Mastering Healthcare Costs: Independent Self-Funding 101

by | Mar 7, 2024 | Uncategorized

Did you know that 58% of all U.S. companies are self-funding their health plans? This significant figure underscores a growing trend among employers actively seeking innovative solutions to manage healthcare costs efficiently.


While self-funding is a prudent choice for most businesses with 50 or more employees, maximizing self-funding requires active plan management, embarking on this path without the right partners or access to essential data can be akin to setting sail without a map. Partnering with independent experts offers a stable and guided journey, providing the support, data transparency, flexible plan design, and cost control commitment essential for success. We call this, “Independent Self-Funding”. Curious how this could make a positive impact on your business?


Let’s explore how this works.

What is Self-Funding?

Starting with the basics, a self-funded (or self-insured) plan means the employer assumes the financial risk for their employees’ healthcare costs. Rather than paying fully loaded fixed premiums to an insurance carrier, employers pay a much lower fixed cost for administration plus the members’ medical claims as claims occur.

We use “self-funded” for simplicity, but the employer only funds claims up to a specified cap, called the stop-loss. Beyond this cap, a stop-loss policy comes into play. Think of stop-loss insurance as a safety net for employers. It ensures that when health claims reach exceptionally high amounts, an insurance company will cover these excessive costs. This way, employers are protected from bearing the full financial burden of unexpected or high cost medical claims.

Advantages of Independent Self-Funding: 

  • Cost Control: Employers pay a minimal monthly premium for stop-loss insurance, significantly lower than traditional health insurance premiums.
  • Transparency: Administrative costs are clearly outlined and charged by the TPA, often resulting in lower overall costs.
  • Cash Flow Benefits: The employer retains funds not spent on claims, enhancing financial flexibility and planning for future healthcare strategies.
  • Immediate Savings: Cost containment strategies directly reduce medical claims, allowing for immediate realization of savings.
  • Customization: Plans can be tailored to meet the unique needs of the company and its employees, with the flexibility to make adjustments as needed.

Traditional vs. Independent Self-Funding

In traditional self-funding, employers work directly with large insurance providers—often called BUCAs (Blue Cross, United, Cigna, Aetna). These companies provide a package that includes their networks and services, which restrict how much employers can customize their plans. This setup often makes it hard for employers to access claims data, limiting their ability to control costs.

In contrast, independent self-funding takes a different approach by separating, or ‘unbundling,’ the various parts of a health plan. This allows employers, with the guidance of a Benefits Advisor, to pick and choose the partners that best fit their unique needs and goals. This method promotes transparency, offering employers complete access to claims data, which is crucial for making informed decisions and managing the plan effectively. By choosing partners that truly align with their strategy, employers can avoid conflicts of interest and tailor a plan that’s both cost-effective and responsive to their employees’ needs.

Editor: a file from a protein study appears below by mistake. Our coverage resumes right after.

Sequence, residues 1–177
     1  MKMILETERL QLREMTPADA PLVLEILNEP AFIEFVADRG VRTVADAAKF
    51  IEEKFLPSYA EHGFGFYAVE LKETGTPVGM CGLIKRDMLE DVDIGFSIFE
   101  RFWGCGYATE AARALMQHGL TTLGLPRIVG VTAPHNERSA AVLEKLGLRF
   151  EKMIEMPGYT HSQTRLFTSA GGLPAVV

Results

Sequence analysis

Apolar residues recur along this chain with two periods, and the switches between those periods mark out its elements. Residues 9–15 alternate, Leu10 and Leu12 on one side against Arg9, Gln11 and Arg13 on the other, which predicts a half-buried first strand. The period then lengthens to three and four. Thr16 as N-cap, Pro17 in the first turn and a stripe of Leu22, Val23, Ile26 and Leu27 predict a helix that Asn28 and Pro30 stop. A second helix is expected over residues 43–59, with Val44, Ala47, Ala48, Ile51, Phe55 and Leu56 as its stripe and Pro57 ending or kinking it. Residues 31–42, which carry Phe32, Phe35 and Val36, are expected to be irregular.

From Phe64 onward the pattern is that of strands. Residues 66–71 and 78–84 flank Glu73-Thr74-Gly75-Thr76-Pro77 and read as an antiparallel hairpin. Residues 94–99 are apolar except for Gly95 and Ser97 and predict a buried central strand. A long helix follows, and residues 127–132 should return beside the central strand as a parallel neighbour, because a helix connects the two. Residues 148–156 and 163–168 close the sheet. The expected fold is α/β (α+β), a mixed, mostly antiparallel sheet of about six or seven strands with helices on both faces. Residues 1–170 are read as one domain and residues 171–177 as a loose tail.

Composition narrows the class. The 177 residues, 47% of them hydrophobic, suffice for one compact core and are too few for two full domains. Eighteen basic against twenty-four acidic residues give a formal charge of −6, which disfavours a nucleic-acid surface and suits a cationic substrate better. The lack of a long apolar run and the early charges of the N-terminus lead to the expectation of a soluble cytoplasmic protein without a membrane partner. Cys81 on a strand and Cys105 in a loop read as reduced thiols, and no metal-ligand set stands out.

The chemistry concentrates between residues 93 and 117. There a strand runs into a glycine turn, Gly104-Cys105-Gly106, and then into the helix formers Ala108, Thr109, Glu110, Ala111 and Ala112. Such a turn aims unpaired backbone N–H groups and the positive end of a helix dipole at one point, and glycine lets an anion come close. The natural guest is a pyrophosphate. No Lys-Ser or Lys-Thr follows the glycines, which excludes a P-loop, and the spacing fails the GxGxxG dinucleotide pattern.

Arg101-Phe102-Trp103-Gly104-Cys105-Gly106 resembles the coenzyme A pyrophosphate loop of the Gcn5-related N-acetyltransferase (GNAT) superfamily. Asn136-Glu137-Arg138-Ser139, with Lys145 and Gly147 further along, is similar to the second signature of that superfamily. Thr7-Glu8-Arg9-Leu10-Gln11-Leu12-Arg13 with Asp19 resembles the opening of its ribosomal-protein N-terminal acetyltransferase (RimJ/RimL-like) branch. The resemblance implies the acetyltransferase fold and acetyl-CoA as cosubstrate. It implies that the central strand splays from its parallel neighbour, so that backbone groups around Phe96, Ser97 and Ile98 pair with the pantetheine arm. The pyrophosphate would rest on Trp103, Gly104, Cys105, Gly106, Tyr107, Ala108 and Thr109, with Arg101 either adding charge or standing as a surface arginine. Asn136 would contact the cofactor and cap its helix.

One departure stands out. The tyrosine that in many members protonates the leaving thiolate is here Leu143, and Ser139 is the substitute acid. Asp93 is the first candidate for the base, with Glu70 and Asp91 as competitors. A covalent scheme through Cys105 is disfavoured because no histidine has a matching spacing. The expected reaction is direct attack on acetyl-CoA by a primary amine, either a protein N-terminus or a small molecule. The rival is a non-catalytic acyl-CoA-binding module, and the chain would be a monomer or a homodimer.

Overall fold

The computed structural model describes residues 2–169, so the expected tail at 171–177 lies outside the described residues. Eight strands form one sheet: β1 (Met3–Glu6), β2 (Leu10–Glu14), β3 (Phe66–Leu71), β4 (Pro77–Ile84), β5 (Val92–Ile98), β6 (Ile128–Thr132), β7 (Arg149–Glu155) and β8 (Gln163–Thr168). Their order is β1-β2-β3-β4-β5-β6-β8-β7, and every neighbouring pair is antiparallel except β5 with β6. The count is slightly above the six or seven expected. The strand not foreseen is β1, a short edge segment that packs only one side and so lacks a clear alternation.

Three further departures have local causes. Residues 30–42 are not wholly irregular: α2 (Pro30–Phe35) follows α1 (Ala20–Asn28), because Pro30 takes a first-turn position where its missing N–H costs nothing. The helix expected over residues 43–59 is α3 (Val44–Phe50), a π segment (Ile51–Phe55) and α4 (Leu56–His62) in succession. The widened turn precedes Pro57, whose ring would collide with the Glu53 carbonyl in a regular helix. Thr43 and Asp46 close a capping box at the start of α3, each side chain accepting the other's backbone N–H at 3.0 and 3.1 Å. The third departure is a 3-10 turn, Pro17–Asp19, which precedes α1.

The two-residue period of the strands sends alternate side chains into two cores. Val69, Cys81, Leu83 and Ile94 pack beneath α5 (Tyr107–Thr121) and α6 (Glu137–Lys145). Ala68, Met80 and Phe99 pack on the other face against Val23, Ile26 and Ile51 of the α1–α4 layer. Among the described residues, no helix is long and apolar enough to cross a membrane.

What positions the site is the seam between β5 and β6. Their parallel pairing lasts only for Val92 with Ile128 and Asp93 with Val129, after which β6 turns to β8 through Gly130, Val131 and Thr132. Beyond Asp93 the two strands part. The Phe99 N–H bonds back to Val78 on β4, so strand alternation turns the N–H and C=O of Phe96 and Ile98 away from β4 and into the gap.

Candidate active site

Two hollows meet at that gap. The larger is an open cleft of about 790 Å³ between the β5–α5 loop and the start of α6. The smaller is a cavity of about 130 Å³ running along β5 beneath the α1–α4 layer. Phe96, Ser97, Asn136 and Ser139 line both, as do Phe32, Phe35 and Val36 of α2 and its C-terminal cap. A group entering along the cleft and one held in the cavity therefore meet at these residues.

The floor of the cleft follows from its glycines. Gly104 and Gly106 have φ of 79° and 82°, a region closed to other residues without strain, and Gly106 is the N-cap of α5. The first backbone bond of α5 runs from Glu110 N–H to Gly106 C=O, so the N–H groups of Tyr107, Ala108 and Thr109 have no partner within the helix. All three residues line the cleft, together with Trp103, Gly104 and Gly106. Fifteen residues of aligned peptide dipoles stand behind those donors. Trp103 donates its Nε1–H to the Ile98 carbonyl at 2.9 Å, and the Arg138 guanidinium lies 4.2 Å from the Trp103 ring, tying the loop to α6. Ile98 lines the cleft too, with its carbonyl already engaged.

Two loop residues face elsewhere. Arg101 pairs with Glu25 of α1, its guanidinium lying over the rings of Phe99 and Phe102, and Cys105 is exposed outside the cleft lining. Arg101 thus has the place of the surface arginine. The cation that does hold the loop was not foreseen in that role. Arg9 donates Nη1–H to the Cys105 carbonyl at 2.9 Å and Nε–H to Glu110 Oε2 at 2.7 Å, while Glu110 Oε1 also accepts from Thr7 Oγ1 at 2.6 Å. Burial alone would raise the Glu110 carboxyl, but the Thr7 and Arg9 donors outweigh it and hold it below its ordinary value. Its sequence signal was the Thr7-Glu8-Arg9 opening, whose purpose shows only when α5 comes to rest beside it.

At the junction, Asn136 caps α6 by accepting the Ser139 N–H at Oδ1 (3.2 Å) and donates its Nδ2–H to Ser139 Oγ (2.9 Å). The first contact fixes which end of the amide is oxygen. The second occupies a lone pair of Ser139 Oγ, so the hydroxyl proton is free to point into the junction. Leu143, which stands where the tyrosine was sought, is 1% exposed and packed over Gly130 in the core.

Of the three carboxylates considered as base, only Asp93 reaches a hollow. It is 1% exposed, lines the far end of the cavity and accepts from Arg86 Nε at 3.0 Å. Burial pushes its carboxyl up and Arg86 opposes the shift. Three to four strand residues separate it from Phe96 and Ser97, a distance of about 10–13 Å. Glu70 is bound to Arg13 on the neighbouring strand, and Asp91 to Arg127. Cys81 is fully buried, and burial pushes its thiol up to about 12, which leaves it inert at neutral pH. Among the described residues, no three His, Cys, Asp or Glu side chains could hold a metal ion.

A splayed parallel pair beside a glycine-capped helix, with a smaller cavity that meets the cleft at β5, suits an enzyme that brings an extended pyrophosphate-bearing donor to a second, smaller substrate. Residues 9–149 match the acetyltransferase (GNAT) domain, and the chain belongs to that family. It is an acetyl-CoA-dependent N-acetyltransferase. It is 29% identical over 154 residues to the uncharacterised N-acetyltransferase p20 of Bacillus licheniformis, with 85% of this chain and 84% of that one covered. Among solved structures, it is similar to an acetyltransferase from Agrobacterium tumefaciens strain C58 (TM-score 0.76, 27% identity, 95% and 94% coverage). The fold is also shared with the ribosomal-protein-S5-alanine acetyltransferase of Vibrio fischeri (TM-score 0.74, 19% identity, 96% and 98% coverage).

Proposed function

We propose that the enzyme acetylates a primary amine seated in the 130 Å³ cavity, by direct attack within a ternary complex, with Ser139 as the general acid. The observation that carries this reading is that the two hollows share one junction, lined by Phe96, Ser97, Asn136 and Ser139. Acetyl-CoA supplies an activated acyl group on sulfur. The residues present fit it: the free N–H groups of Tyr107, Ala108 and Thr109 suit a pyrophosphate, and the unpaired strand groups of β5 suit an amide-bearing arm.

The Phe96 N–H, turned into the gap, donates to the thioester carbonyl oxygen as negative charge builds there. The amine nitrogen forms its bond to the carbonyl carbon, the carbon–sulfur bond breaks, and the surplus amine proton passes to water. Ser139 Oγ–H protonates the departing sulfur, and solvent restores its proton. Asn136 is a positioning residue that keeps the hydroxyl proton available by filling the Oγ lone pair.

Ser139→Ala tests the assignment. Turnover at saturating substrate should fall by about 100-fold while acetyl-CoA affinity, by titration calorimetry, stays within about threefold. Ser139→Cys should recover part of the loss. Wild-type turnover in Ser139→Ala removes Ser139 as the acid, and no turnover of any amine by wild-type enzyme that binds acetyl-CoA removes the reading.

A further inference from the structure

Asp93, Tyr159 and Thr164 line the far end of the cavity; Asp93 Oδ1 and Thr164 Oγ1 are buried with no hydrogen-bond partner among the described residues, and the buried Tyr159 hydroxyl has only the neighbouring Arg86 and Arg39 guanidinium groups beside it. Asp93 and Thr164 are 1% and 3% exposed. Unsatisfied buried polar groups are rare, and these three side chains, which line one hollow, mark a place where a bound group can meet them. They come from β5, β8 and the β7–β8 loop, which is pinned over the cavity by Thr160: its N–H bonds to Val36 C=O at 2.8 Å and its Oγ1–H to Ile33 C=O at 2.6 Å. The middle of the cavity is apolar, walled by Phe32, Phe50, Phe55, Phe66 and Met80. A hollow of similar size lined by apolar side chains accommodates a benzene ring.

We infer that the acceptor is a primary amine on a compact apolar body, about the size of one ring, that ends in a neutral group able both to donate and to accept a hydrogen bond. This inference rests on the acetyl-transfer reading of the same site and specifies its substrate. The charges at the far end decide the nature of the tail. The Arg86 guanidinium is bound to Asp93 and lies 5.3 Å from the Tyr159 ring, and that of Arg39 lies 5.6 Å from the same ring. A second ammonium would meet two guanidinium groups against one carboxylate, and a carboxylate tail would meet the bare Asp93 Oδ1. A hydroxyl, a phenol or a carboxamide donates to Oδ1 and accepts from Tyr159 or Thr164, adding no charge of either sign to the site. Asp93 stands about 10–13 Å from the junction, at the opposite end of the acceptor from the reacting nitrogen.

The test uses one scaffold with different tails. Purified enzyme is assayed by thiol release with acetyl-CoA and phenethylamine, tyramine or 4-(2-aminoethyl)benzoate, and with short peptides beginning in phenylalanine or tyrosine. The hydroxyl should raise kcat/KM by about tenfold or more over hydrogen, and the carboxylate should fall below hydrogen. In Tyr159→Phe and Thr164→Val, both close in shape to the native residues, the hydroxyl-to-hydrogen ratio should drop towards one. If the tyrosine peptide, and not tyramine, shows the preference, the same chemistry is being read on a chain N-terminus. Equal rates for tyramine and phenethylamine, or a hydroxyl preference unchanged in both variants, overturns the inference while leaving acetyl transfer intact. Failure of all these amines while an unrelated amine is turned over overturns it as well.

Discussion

Breaking Down Self-Funding

Sound like Greek? Here’s a quick and easy reference guide for common Self Funding Terms!

The Third-Party Administrator (TPA) serves as the plan quarterback, combining pharmacy,  network, and stop-loss partners into one cohesive plan. The TPA oversees plan documents, claims processing, and member services. The key to using an independent TPA is flexibility in partners, plan design, and getting full access to claims data.

Pharmacy Benefit Manager (PBM) processes prescriptions for the plan. An independent, transparent Pharmacy Benefit Manager (PBM) charges a fixed cost rather than spread pricing and passes through all discounts and rebates to the employer.

A PPO  (Preferred Provider Organization) Network lists healthcare providers with whom the health plan has negotiated discounted rates. An independent model rents a network rather than it tied to the plan administrator. There is also an advanced option to design the plan without a network – this is called Reference Based Pricing (RBP).

Stop-loss insurance limits the group’s risk by providing a safety net against high claims. Specific Stop-Loss Insurance offers protection against large claims by a single member(s), while Aggregate Stop-Loss Insurance provides a buffer for the total claims exceeding anticipated amounts across all members.

Conclusion

In short, a successful independent self-funded plan requires active oversight of claims data. In turn, this enables tailored strategies that not only enhance benefits but also significantly reduce costs for both the employer and its employees.

Companies who are engaged with their self-funded plan share that it’s a fulfilling endeavor, empowering them to make informed decisions for the well-being of their workforce.

Next, we’ll delve into the specific challenges faced by employee plans and demonstrate how independent self-funding equips employers to address these obstacles effectively, turning common healthcare challenges into a win-win for the employee and the organization.

Stay tuned!